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Cablegate: Kabila Rejects Au Plea From Jean Ping

VZCZCXRO5440
OO RUEHBZ RUEHDU RUEHGI RUEHJO RUEHMR RUEHRN
DE RUEHKI #0883 2881550
ZNR UUUUU ZZH
O 141550Z OCT 08
FM AMEMBASSY KINSHASA
TO RUEHC/SECSTATE WASHDC IMMEDIATE 8605
RUEHDS/AMEMBASSY ADDIS ABABA 1486
INFO RUEHXR/RWANDA COLLECTIVE
RUCNSAD/SOUTHERN AF DEVELOPMENT COMMUNITY COLLECTIVE
RUEAIIA/CIA WASHDC
RHEFDIA/DIA WASHDC
RHMFISS/HQ USEUCOM VAIHINGEN GE
RUZEJAA/JAC MOLESWORTH RAF MOLESWORTH UK

UNCLAS KINSHASA 000883

SENSITIVE
SIPDIS

E.O. 12958: N/A
TAGS: PGOV PREL MOPS KPKO AU CG
SUBJECT: Kabila rejects AU plea from Jean Ping
to restore diplomatic ties with Kigali

1. (SBU) African Union Commission Chair Jean Ping made a lightning
trip to Kinshasa October 10-12 in an effort to defuse tensions
between the Democratic Republic of the Congo and Rwanda over
fighting in the eastern DRC. Ping met with P-3 plus 2 ambassadors,
SRSG Alan Doss, EU representatives, Senate President Leon Kengo wa
Dondo, and National Assembly president Vital Kamerhe prior to
meeting with President Kabila on October 12.

2. (SBU) Ping explained to P-3 plus 2 ambassadors at a
hastily-arranged meeting October 10 that he had decided to come to
Kinshasa -- despite very pressing business in Eritrea -- because of
the seriousness of the current situation. He reviewed recent
developments and emphasized that the conflict between the DRC and
Laurent Nkunda could not be won militarily by either side; the only
possible solution was political. He emphasized that the main thrust
of his demarche to President Kabila would be to push for a
restoration of diplomatic relations, since an institutional
mechanism for dialogue was needed. He noted that this was a
"pre-condition" for President Kagame of Rwanda if he, Kagame, were
to talk with Kabila. Ping asked P-3 plus 2 ambassadors to reinforce
his efforts vis-a-vis Kabila with regard to reestablishing
diplomatic relations, apparently unaware that all P-3 plus two
nations have, individually and collectively, lobbied the DRC to do
this.

3. (SBU) Ping also referred in general terms to a "future plan" to
move the peace process forward after ties had been restored and
greater confidence between the DRC and Rwanda was achieved. He did
not appear to know of MONUC's comprehensive disengagement plan,
which the GDRC has signed on to, as an existing road map to peace.
When asked if he would go to Rwanda after leaving the Congo to brief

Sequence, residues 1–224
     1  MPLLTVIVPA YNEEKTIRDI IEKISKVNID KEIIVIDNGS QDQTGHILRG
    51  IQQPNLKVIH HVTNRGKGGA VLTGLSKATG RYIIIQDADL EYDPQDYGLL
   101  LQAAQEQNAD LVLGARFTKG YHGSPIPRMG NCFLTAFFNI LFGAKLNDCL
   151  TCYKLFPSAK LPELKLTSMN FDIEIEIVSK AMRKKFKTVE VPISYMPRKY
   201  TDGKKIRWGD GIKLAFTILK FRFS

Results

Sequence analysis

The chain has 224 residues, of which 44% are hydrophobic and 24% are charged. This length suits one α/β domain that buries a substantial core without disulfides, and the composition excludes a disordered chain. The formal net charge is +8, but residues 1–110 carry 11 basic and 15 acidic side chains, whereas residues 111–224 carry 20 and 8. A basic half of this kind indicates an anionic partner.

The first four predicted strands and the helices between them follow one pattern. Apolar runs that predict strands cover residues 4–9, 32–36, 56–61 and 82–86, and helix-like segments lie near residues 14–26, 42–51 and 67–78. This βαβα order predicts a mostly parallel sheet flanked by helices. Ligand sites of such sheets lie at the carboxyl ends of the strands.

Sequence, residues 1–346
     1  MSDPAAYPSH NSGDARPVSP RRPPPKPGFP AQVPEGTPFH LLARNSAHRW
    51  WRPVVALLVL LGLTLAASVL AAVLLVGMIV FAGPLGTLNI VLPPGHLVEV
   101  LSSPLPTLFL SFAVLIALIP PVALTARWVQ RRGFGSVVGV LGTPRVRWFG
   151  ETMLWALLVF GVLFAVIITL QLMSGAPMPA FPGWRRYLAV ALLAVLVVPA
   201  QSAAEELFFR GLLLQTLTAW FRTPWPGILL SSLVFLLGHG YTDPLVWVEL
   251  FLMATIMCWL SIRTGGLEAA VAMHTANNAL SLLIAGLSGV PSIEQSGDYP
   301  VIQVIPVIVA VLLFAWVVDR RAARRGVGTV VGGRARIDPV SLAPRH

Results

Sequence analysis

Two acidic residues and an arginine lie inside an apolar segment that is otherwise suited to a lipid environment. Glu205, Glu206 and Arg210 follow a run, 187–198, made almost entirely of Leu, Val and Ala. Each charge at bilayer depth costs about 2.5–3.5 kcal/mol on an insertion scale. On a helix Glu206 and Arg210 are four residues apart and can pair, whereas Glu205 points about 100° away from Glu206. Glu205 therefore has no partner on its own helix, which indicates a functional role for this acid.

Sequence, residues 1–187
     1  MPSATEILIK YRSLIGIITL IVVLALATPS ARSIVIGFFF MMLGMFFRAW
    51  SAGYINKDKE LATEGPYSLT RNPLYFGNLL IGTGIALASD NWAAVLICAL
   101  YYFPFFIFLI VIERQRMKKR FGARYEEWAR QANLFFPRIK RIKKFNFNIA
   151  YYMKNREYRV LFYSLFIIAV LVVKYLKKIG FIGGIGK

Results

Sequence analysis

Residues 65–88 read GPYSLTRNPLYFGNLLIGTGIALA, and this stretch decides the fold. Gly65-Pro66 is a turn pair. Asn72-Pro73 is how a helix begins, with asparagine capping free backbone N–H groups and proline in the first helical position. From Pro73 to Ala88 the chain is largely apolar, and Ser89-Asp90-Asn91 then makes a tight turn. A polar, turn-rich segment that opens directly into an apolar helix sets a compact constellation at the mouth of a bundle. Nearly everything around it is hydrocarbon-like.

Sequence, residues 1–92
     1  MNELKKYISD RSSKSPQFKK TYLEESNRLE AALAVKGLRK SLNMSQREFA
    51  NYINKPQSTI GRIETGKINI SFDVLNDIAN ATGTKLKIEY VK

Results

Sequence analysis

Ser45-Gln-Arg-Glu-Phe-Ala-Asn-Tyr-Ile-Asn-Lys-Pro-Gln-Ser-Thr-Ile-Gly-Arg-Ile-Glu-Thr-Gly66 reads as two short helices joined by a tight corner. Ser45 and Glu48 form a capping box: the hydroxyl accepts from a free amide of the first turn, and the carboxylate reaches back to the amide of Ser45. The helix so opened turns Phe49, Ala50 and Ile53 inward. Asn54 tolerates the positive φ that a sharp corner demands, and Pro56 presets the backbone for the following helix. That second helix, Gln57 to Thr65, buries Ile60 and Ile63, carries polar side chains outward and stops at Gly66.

Kagame, Ping said he was too busy but he would call Kagame to brief
him. Ping also announced that the AU would soon send a
representative to work in Goma on a permanent basis; until now the
AU has dispatched staff members to the eastern DRC from headquarters
or from nearby AU missions.

4. (SBU) At a MONUC meeting on October 13, AU representative in
Kinshasa Martin Bongo briefed ambassadors of UN Security Council
members. Bongo stated that Kabila, with whom the AU chairman met on
October 12, had turned down Ping's request for a restoration of
diplomatic ties. Although Bongo did not provide details, he
suggested that Kabila's reluctance to restore ties is based on a
fear of negative public opinion in the DRC, where memories of
Rwanda's 1998 invasion are still fresh. Bongo also noted that Ping
had referred to the current "setback" in the Amani Process, although
he did not suggest that the Amani process be abandoned.

5. (SBU) In a later conversation between Charge d'Affaires and
Ambassador Pierre Yere, AU senior rep in Kinshasa, Yere stated that
the AU will send a delegation to the DRC in the coming weeks to look
specifically at the issue of the FDLR which it (the AU) considers to
be the biggest obstacle to peace in the country. Yere indicated
that the AU would look specifically at ways to "involve Rwanda more"
in solving the FDLR issue, noting that Rwanda needed to be more
active in facilitating the return of the FDLR to Rwanda. Yere also
indicated that the AU will look at the issue of governance because,
as Yere said, "if there is no government presence in the east, there
can be no peace."

6. (SBU) Comment: Ping's efforts to resolve the latest Rwanda-DRC
crisis were well received by MONUC and the international community,
although diplomats here were somewhat surprised at his apparent lack
of knowledge of International Community efforts to obtain a peaceful
solution to the conflict in the east. We were also surprised that
Ping described re-establishing diplomatic ties as President Kagame's
pre-condition ("prealable"); we hope he did not pitch it to Kabila
as such. End comment.

BROCK

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